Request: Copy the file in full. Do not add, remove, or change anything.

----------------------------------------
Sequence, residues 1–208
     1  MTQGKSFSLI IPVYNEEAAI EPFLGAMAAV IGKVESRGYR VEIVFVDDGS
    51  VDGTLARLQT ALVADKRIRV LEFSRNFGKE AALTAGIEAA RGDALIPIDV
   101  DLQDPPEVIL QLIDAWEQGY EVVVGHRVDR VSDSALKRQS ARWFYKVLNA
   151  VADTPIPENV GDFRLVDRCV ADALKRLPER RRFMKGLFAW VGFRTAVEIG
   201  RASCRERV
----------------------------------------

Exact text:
Sequence, residues 1–208
     1  MTQGKSFSLI IPVYNEEAAI EPFLGAMAAV IGKVESRGYR VEIVFVDDGS
    51  VDGTLARLQT ALVADKRIRV LEFSRNFGKE AALTAGIEAA RGDALIPIDV
   101  DLQDPPEVIL QLIDAWEQGY EVVVGHRVDR VSDSALKRQS ARWFYKVLNA
   151  VADTPIPENV GDFRLVDRCV ADALKRLPER RRFMKGLFAW VGFRTAVEIG
   201  RASCRERV